Do you remember the 14th century XL hood pattern about which I told you recently?
Well, then I have some great news for you! I managed to finish the hand-sewing part of my 14th century XL hood before “A Midsummer Day’s Brawl” – an SCA event in Tennessee last weekend and I took my finished XL sample hood with me to the event for a fitting.
Though my friend – for whom I drafted this pattern – and I were quite busy at the event, we managed to find some time where he was able to try on the 14th century XL sample hood and guess what! …it fits fine! *happydance*
I was very relieved to see the good fit of the 14th century XL hood pattern which I just drafted some days ago to meet the specific measurements of my friends head. But even more important than the fit of the new XL hood pattern was to see my friend happy! Well, yes, I admit it – I love moments like this… 🙂
And to make him even more happy, I agreed to make two small changes to my pattern – I will take off about 4cm at the bottom border of the hood and shorten the quite long liripipe. This are very fast changes and quite marginal in comparison to the task of drafting a bigger pattern. I wish every problem in life could be solved that easy… 😉
Furthermore I also managed to make another man in my life quite happy. My sweetheart loves his new hood and what shall I say – so does Alice! But instead of wearing it, she mostly concentrates on hunting the end of the long liripipe… *giggle*
As my husbands head is slightly smaller than the head of my friend for whom I drafted this pattern, the 14th century XL hood pattern is a little bit too big for him. Well, at least for my taste – he on the other side really enjoys his new hood.
Whenever I will end up with too much spare time I might draft a fitting pattern for him… Well, whom am I kidding? Unless I make it a project and set my mind on making a new hood for him this will actually never happen… You know me, I never have spare time – just one project following another and sometimes even more than just one project at one time. *lol* 😉
And now let’s take a look at the new hood pattern and let me tell you a little bit more about the hood pattern I use – enjoy! 😀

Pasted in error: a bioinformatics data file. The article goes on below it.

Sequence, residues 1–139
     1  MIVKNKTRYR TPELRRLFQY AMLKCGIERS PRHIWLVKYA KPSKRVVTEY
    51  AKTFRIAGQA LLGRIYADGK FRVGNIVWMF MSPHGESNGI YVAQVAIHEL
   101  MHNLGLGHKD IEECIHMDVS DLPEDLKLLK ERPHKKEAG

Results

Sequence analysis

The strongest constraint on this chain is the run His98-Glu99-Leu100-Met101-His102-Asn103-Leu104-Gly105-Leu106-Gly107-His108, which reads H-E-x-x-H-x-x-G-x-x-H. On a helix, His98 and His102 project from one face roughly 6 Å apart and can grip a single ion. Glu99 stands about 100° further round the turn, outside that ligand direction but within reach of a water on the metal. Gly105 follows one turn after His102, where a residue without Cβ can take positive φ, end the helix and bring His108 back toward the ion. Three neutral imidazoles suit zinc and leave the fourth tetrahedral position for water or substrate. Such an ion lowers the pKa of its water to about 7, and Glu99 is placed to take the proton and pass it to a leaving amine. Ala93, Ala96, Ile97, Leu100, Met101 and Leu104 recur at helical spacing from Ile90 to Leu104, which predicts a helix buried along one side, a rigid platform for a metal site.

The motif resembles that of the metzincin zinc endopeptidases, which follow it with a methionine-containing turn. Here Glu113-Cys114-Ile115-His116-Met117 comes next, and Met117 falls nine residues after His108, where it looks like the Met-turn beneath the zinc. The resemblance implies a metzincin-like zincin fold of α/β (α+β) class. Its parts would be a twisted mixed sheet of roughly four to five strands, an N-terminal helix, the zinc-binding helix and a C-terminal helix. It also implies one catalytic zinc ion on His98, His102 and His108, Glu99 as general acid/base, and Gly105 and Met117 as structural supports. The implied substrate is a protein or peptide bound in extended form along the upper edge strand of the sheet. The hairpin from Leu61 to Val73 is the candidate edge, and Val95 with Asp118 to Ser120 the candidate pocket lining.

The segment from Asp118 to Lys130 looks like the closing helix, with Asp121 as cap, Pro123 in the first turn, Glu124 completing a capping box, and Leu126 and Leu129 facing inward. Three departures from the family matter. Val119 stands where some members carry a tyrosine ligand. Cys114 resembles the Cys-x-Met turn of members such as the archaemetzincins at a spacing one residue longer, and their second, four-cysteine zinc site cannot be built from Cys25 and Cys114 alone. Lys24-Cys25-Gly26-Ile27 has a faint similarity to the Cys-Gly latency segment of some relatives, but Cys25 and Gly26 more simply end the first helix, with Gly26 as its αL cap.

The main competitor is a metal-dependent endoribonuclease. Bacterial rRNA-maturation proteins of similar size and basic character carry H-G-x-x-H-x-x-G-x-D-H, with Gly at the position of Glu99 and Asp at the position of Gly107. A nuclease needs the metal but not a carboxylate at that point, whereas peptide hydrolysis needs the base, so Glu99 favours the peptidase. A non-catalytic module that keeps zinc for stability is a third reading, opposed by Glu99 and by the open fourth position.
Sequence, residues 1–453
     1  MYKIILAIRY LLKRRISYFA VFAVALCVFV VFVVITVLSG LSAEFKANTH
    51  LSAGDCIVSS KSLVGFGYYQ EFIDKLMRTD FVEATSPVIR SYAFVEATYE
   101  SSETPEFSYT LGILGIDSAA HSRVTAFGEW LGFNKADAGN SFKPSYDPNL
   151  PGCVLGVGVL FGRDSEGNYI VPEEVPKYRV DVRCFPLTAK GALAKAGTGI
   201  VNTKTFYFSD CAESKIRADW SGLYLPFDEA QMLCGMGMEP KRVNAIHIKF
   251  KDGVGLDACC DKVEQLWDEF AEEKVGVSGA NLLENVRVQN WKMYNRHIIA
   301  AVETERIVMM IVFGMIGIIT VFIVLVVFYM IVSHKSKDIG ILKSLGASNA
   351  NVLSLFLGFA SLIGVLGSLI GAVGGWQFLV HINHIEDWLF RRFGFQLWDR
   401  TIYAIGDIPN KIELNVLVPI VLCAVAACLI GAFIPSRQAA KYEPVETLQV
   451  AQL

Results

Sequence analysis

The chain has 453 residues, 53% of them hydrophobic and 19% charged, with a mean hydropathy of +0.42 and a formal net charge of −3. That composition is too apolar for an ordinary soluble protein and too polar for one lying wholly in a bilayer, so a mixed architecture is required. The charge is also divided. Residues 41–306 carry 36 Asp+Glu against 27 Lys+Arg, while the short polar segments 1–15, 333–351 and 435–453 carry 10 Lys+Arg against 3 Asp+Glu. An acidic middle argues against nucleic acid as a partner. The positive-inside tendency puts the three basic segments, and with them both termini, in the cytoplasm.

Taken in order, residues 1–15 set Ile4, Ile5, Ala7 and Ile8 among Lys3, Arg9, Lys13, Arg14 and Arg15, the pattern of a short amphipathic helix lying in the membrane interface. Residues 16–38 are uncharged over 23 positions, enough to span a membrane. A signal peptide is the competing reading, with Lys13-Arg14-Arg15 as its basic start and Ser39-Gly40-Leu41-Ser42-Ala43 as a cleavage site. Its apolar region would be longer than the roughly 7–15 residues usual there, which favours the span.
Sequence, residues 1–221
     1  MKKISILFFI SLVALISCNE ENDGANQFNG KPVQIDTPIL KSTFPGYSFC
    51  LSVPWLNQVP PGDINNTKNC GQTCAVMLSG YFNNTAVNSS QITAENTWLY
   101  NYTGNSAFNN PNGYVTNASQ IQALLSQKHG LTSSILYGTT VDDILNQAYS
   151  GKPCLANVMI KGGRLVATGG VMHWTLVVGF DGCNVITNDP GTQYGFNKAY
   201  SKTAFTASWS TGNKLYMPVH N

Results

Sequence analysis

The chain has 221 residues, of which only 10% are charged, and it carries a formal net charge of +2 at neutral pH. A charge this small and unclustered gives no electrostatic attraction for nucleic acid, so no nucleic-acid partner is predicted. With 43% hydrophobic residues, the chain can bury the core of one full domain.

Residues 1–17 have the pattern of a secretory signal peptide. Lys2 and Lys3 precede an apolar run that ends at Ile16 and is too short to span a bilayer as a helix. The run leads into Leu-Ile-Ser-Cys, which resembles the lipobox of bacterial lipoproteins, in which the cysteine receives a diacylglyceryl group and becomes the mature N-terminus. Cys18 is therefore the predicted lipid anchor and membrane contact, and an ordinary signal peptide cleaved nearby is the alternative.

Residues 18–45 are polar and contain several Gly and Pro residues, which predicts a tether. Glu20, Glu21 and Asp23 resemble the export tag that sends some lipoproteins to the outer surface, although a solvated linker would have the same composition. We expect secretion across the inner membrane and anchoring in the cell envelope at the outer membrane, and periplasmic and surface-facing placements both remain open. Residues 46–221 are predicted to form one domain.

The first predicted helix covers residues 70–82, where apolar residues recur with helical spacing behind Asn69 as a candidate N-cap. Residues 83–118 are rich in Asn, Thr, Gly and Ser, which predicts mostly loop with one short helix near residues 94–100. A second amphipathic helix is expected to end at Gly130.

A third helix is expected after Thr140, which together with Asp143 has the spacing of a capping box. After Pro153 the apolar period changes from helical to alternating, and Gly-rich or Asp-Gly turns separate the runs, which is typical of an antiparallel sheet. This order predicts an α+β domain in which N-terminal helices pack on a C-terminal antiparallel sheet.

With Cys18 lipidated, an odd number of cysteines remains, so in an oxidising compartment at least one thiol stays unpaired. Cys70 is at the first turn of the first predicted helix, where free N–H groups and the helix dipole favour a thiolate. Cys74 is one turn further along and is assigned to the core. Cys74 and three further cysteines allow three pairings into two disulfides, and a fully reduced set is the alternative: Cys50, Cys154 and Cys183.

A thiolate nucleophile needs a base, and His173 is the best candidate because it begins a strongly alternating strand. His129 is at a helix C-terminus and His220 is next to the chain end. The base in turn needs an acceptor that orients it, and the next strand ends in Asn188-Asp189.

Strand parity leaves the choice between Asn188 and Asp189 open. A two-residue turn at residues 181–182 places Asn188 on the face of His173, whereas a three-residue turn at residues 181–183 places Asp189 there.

Well, I think the smile on my sweethearts face says it all – he very much enjoys the idea of getting new clothing which is hand sewn. 🙂
…and here a look at the back for you:
Btw. this 14th century XL hood pattern is actually based on the same pattern which I used for my own pink 14th century hood project – just slightly bigger. 🙂
And now you might ask – where did I get the basic pattern for the 14th century hood pattern which I just drafted? [emember_protected not_for=3-4 do_not_show_restricted_msg=1]
…I am sorry, but this content is restricted to users with Advanced and Premium membership.
Well, this question is easily answered by referring you to another great book from my book collection:
By Lilli Fransen, Anna Norgaard and Else Ostergard
Published by: Aarhus University Press
A short book review can be found at Medievalists.net: Medieval Garments Reconstructed: Norse Clothing Patterns
After a short search I could also find another book review at the blog Neulakko written by my friend Elina which I find even more helpful if you are thinking about getting a copy for yourself: Neulakko – Medieval Garments Reconstructed
Just scroll down a little – the English version of the text starts immediately after the text in Finnish. 🙂
I highly agree with my friend Elina that with neglecting the hand-sewing, seam details,… of the reconstructed medieval garments a very important part is actually missing. Nevertheless this book is still a great addition for everyone who is interested into the 14th century and prefers to work with patterns rather than drafting a pattern on the body.
Though I still draft my dresses on the body and am not very interested into the shown dress patterns, I really love the section with the hoods and caps:
- page 106 – 108 – Hood – Museum No. D10596
- page 110 – 112 – Hood – Museum No. D10597
- page 114 – 116 – Hood – Museum No. D10600
- page 118 – 120 – Hood – Museum No. D10602
- page 122 – 124 – Hood – Museum No. D10606
- page 126 – 128 – Hood & Cap – Museum No. D10608
- page 130 – 132 – Cap – Museum No. D10610
…and the section with the stockings is also quite interesting:
- page 134 – 136 – Stockings – Museum No. D10613
- page 138 – 140 – Stockings (without foot part) – Museum No. D10616
I find it very helpful that every one of the sub-categories listed above provides a picture of the extant museum piece as well as the reconstruction. The very last page of every sub-category shows the pattern the authors of the book propose for the shown pieces.
My hood pattern is based on hood D10597 shown on page 110 – 112. But I altered the pattern a little bit by adding a slight curve at the backside of my head section to get my pattern a little bit closer to what I can see at the picture showing the extant medieval piece. 🙂
…and last but not least – you can find this book here:
Amazon.com: Medieval Garments Reconstructed
Amazon.de: Medieval Garments Reconstructed
Btw. if you would like to know more about this reconstructed medieval garments, I highly recommend another great book which provides many interesting details about this textiles:
By Else Ostergard
Published by: Aarhus University Press
…and this book can be found here:
Amazon.com: Woven into the Earth: Textile finds in Norse Greenland
Amazon.de: Woven into the Earth: Textile Finds in Norse Greenland
But enough about my 14th century XL hood pattern for now, I have to get back to my embroidery… 😉